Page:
Revolutionary Summer by Joseph J. Ellis
“A distinctive portrait of the crescendo moment in American history from the Pulitzer Prize-winning American historian Joseph J. Ellis. The summer months of 1776 witnessed the most consequential events in the story of our country’s founding. While the thirteen colonies came together and agreed to secede from the British Empire, the British were dispatching the largest armada ever to cross the Atlantic to crush the rebellion in the cradle. The Continental Congress and the Continental Army were forced to make decisions on the run, improvising as history congealed around them. In a brilliant and seamless narrative, Ellis meticulously examines the most influential figures in this propitious moment, including George Washington, John Adams, Thomas Jefferson, Benjamin Franklin, and Britain’s Admiral Lord Richard Howe and General William Howe. He weaves together the political and military experiences as two sides of a single story, showing how events on one front influenced outcomes on the other. Revolutionary Summer tells an old story in a new way, with freshness at once colorful and compelling.”
By now you should all know how much I love American History. That is one of the reasons I slacked off my blogging at the beginning of the year. I took an American History college course so that I would have enough credit to renew my teaching license (yay!!). I have read 1776
a bunch of times, and I love it every time. Needless to say, I was really excited to read this book! It took me awhile to read it (hence my lack of blogging lately……), but it did not disappoint! It isn’t quite as easy to read as 1776
is, but it is still so well written. I loved how Mr. Ellis delved into the British side of it as well as the American side. It was interesting to learn the intentions and different strategies of the Howe brothers. I know I have heard about them before, but I really enjoyed getting into their heads a little more. I have to say, I am so glad that they made the atypical blunders and missteps that they did; it made our cause possible against such a formidable foe. This book went quite a bit into the politics of the day and how the political feeling of the day actually hindered our win. The people felt that a national army went against everything they were fighting for; therefore, the Continental Congress, even though they wanted a national army, was never able to actually provide General Washington with that luxury. Washington had to win the war with a piecemeal of state militias. The terms were about one year, and the personnel were constantly changing. Crazy! There were many things (I would say miracles, others may have another word for it…..) that had to come together in just the right way for us to win. Thankfully, it worked in our favor. This book is well written, very informative, and packed full of information. I learned a lot, and enjoyed reading it. If you are an American History fan like I am, then you definitely need to read this book, and if you aren’t, then you should still read it!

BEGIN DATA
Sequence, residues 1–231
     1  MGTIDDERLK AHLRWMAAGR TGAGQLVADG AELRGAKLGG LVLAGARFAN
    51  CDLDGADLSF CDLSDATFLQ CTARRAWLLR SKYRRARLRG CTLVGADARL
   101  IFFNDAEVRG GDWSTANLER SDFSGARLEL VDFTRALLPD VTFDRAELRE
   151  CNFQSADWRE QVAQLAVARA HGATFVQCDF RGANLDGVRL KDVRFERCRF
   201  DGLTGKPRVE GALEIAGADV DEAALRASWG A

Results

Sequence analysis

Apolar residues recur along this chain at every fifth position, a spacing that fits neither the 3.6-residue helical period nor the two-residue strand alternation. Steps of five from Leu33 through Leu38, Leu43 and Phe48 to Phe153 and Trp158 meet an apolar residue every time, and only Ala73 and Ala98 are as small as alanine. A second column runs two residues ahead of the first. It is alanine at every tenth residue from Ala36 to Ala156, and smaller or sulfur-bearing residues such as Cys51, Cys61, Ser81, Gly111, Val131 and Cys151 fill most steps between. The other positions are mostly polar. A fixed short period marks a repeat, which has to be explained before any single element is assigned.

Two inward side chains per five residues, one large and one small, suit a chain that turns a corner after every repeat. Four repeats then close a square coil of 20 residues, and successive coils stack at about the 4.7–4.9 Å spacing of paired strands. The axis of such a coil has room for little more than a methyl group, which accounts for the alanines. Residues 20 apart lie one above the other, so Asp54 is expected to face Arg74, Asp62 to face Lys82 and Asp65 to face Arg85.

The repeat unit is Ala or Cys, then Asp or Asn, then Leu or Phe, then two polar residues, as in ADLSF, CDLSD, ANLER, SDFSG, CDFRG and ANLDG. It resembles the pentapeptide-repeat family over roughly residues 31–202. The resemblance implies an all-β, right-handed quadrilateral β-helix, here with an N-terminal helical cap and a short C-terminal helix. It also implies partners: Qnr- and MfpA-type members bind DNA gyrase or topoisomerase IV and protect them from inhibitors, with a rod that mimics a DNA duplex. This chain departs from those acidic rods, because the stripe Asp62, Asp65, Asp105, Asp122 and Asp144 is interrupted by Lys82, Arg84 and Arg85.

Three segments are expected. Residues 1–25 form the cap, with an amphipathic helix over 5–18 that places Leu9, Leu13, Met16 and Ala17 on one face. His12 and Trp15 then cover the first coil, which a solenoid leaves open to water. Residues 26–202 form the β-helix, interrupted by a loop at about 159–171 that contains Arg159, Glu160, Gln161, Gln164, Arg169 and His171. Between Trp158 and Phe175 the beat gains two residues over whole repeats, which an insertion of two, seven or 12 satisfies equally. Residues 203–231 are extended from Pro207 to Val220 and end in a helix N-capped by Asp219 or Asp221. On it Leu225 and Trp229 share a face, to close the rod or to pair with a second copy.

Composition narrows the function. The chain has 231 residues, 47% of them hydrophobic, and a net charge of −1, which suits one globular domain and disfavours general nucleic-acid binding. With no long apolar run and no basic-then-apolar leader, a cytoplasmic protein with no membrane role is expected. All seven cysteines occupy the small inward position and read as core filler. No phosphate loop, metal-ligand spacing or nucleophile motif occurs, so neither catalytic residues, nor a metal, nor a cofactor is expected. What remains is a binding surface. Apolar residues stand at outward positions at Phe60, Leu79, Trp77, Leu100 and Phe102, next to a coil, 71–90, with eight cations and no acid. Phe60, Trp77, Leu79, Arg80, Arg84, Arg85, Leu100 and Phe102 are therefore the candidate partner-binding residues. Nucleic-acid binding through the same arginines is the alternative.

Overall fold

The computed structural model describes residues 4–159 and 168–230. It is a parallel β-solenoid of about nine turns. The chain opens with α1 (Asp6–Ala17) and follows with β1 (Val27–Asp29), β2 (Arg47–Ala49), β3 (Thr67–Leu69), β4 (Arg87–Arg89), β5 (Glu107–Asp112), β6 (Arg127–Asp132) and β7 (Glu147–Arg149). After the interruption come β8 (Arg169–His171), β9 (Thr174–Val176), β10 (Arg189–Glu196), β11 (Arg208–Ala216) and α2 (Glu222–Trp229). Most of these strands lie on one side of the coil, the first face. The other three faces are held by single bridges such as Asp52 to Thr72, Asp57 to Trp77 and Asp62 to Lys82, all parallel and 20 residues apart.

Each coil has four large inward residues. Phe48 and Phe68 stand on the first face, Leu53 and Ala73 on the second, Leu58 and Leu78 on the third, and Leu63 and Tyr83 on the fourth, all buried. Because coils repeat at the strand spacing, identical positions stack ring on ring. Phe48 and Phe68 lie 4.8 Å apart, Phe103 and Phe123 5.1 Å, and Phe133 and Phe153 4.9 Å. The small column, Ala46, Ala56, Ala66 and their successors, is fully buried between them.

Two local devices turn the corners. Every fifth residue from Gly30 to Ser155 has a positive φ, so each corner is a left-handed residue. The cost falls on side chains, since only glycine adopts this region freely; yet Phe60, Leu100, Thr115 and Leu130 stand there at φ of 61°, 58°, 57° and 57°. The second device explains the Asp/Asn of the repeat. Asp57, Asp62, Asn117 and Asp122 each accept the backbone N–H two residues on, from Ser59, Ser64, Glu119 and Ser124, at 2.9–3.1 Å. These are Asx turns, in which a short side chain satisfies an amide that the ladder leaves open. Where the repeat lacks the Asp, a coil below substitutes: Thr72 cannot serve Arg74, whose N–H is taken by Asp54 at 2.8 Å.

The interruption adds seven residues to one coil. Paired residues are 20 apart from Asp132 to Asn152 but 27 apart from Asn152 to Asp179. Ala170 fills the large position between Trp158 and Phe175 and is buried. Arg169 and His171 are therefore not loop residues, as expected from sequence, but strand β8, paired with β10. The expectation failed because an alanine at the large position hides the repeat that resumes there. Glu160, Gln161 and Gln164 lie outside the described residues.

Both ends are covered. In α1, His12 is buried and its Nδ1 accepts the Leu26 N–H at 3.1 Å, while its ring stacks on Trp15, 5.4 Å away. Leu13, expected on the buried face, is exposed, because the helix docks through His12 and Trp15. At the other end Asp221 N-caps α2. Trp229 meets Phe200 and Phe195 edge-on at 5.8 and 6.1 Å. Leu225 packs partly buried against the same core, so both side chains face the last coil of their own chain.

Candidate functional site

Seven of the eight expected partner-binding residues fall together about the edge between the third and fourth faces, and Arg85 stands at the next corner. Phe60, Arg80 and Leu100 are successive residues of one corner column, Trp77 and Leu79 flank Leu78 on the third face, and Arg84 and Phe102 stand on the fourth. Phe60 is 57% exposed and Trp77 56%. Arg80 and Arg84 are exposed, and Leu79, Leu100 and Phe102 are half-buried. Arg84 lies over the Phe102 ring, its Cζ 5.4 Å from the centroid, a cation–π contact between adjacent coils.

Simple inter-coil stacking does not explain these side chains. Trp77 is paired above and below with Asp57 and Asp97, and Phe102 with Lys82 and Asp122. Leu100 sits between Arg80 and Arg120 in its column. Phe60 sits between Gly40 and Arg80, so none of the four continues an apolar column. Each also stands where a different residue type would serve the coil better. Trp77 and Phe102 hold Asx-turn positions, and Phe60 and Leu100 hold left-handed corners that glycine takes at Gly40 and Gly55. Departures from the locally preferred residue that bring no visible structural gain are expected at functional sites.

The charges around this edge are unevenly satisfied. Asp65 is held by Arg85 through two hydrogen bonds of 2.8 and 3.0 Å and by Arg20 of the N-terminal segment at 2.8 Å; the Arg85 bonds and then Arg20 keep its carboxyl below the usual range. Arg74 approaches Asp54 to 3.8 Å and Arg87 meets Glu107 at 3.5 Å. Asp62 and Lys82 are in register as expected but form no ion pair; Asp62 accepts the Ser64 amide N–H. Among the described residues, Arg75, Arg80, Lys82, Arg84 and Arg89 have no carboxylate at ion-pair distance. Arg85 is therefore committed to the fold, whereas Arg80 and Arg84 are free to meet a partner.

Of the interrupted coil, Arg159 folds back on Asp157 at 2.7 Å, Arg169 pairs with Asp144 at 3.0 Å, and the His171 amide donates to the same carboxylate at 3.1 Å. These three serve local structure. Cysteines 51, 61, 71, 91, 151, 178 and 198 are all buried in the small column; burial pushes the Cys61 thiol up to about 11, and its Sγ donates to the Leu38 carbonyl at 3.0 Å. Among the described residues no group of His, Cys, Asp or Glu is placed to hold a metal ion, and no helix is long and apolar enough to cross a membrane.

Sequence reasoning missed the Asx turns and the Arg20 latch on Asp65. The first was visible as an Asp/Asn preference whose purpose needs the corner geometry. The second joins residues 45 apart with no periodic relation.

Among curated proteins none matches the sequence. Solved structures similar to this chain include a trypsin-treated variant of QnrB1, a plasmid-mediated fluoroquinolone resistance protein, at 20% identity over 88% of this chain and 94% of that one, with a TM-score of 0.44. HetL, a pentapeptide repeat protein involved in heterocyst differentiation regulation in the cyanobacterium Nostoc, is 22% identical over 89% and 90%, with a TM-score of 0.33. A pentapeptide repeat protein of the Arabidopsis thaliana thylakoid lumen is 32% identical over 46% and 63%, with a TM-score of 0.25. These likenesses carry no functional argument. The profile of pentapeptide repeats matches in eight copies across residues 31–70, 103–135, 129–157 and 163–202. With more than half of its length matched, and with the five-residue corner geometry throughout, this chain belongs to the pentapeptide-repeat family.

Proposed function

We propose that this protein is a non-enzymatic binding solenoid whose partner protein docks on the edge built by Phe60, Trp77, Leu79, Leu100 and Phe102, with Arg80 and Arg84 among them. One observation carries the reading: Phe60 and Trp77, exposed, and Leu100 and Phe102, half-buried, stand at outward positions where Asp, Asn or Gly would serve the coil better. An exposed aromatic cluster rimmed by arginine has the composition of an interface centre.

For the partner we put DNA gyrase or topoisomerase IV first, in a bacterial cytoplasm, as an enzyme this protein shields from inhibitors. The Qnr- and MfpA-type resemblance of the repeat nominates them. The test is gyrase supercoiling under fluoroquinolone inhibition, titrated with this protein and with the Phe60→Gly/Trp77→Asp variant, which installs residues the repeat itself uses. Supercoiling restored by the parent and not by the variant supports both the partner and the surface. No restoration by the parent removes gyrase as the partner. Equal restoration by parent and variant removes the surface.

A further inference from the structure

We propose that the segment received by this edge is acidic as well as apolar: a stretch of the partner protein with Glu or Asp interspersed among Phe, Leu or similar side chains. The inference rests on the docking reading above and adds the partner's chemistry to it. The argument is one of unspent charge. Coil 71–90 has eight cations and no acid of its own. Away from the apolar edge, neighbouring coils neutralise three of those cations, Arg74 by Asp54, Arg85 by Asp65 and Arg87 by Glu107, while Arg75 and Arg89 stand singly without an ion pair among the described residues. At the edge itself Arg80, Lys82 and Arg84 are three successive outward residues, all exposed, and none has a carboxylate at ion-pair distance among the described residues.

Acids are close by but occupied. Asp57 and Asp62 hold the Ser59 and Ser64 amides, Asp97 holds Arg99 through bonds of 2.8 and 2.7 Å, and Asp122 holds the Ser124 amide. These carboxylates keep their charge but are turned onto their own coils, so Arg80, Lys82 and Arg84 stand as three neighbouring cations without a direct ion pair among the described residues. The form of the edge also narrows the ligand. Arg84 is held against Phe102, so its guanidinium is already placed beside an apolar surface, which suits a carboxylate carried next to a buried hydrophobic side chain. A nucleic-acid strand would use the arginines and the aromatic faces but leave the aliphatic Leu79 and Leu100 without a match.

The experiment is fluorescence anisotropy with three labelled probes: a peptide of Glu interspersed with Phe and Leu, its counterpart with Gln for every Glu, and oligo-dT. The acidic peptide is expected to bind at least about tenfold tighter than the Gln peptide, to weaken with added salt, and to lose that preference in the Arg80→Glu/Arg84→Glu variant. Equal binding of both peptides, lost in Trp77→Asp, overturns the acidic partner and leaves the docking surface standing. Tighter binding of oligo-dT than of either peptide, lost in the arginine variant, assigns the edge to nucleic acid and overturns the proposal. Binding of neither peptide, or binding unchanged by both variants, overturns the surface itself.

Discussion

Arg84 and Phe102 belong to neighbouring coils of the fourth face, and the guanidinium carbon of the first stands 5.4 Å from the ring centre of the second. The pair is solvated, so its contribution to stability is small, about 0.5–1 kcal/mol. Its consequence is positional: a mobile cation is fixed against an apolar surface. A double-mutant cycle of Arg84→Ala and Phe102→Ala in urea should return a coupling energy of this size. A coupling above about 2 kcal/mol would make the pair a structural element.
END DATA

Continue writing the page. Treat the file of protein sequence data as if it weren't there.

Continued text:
Rating: PG-13 (It’s war. It describes certain battles where many people died.It’s not overly graphic, but does spell out what happened during these battles.)
Recommendation: 14-15 years-old, depending on the YA’s maturity level. This book would be great for a history class. Every American should read this book so we remember where we came from and the lives that were lost to give us the freedoms we enjoy today.
Disclosure: I did receive a free copy of this book in exchange for my honest review.
*This review was first published on May 20, 2015.